The Carl Vinson Strike Group comprises an aircraft carrier and other warships.
US Pacific Command described the deployment – now heading towards the western Pacific – as a prudent measure to maintain readiness in the region.
President Trump has said the US is prepared to act alone to deal with the nuclear threat from North Korea.
“The number one threat in the region continues to be North Korea, due to its reckless, irresponsible and destabilising programme of missile tests and pursuit of a nuclear weapons capability,” US Pacific Command spokesman Dave Benham said.
As well as massive striking power, the carrier group – headed by Admiral Nora Tyson – has the capability to intercept ballistic missiles.
It was originally due to make port calls in Australia but instead has been diverted from Singapore to the west Pacific – where it recently conducted exercises with the South Korean Navy.
North Korea has carried out several nuclear tests and experts predict more could be in the offing as it moves closer towards developing a nuclear warhead that could reach the US.
On Wednesday, it test-fired a medium-range ballistic missile from its eastern port of Sinpo into the Sea of Japan. That test came a month after four ballistic missiles were fired towards the Sea of Japan, moves that provoked a furious reaction by Japan.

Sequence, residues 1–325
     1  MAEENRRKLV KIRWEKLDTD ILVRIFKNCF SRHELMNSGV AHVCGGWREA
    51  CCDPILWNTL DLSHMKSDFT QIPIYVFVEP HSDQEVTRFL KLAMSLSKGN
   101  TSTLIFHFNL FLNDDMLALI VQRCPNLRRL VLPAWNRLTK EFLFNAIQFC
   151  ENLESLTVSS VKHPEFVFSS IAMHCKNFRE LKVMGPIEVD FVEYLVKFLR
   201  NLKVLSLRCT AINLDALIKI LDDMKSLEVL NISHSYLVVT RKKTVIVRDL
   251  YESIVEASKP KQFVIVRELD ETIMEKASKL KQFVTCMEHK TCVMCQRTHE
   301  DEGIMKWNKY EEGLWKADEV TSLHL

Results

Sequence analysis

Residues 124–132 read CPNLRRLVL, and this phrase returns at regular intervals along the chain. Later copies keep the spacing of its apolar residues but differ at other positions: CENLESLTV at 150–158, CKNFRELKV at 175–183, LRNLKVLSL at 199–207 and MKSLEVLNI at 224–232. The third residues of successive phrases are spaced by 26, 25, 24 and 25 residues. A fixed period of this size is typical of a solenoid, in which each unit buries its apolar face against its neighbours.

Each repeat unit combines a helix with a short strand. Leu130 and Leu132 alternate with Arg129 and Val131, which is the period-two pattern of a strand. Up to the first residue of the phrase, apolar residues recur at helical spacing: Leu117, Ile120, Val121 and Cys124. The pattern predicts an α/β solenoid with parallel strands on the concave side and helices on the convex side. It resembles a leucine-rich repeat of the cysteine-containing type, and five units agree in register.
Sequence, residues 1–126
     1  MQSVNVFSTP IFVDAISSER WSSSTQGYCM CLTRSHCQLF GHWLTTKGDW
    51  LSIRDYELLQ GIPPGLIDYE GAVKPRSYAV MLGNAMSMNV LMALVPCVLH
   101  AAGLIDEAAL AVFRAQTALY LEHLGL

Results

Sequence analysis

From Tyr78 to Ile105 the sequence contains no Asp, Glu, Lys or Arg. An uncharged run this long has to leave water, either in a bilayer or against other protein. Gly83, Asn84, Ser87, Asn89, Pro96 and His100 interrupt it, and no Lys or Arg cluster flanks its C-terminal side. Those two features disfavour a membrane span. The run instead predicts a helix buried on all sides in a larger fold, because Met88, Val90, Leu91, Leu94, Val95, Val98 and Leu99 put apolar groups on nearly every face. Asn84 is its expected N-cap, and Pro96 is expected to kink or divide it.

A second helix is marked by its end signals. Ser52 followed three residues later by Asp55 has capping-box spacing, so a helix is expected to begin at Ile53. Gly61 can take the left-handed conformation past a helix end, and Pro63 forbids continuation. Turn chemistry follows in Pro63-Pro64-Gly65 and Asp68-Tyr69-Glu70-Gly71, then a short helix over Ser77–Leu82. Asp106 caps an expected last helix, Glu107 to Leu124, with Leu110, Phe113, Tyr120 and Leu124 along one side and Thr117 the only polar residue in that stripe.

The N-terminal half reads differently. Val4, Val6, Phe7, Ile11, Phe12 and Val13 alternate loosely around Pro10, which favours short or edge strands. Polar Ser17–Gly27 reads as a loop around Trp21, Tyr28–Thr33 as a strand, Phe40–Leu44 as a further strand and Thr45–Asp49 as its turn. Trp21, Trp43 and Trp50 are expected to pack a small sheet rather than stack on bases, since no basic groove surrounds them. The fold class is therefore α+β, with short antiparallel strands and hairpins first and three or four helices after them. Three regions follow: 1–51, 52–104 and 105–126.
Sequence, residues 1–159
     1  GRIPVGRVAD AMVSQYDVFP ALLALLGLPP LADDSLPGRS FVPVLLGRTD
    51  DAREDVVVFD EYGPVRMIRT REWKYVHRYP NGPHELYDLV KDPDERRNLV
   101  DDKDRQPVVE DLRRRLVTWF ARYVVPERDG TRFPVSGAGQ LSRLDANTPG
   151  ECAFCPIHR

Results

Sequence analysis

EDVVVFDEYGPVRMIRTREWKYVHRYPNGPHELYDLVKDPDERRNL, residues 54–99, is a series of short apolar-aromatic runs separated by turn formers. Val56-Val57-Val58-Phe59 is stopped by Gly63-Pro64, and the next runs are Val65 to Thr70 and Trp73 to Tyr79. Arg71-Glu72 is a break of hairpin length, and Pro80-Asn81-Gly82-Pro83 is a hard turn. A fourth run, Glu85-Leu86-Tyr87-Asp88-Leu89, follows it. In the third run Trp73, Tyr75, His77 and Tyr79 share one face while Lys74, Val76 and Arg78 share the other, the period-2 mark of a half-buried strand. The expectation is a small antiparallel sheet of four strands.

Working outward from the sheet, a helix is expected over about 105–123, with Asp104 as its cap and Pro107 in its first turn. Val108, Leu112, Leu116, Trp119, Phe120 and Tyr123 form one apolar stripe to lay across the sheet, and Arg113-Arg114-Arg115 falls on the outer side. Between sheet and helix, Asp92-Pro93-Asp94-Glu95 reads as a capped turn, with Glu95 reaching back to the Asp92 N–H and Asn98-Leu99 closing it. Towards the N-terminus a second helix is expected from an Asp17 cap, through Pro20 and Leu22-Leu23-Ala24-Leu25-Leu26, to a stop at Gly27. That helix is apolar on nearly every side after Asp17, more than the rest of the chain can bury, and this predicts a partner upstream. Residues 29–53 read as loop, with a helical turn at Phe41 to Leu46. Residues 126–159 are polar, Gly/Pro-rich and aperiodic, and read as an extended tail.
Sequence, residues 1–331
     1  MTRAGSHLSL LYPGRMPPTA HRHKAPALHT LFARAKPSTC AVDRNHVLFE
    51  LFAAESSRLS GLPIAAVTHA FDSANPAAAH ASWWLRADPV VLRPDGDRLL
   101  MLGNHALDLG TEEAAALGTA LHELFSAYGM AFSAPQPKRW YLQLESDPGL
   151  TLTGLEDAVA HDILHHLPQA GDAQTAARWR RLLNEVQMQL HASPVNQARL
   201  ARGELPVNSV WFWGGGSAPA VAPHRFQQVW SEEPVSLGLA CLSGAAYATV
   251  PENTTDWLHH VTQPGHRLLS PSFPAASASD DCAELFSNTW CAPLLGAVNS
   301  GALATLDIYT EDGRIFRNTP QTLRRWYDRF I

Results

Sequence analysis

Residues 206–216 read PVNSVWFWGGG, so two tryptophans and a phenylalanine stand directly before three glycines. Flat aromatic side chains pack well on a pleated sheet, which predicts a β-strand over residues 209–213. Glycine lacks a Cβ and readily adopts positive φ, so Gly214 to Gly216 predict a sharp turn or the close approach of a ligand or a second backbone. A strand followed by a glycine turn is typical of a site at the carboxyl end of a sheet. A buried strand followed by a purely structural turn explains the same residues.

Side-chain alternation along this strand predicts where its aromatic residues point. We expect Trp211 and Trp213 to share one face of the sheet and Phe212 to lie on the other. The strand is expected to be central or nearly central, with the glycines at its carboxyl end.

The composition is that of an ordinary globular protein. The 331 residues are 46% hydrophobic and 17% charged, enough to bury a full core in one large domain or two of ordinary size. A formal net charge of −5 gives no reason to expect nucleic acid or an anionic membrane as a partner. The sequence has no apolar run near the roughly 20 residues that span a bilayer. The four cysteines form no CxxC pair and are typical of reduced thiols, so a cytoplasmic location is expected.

On its part, North Korea says it is provoked by military exercises between the US and South Korea, which it sees as preparation for an invasion.
North Korea has also been closely watching how US President Donald Trump has been responding in Syria.
Early on Friday, the US military launched air strikes against the Syrian government, in retaliation for a reported chemical attack.
North Korea called it an “intolerable act of aggression against a sovereign state”, and said the strike showed it was justified in bolstering its own defences.
The most recent test – condemned by Japan and South Korea – came on the eve of a visit by China’s President Xi Jinping to the US to meet President Trump.
The two leaders discussed how to rein in North Korea’s nuclear and missile programmes as the US steps up the pressure on China, a historic ally of Pyongyang, to help reduce tension.
China has long been North Korea’s closest diplomatic ally and trading partner, but the relationship has become increasingly strained over Pyongyang’s refusal to halt nuclear and missile testing.
Mr Trump said in a recent interview that Washington was ready to act without Beijing’s co-operation: “If China is not going to solve North Korea, we will.”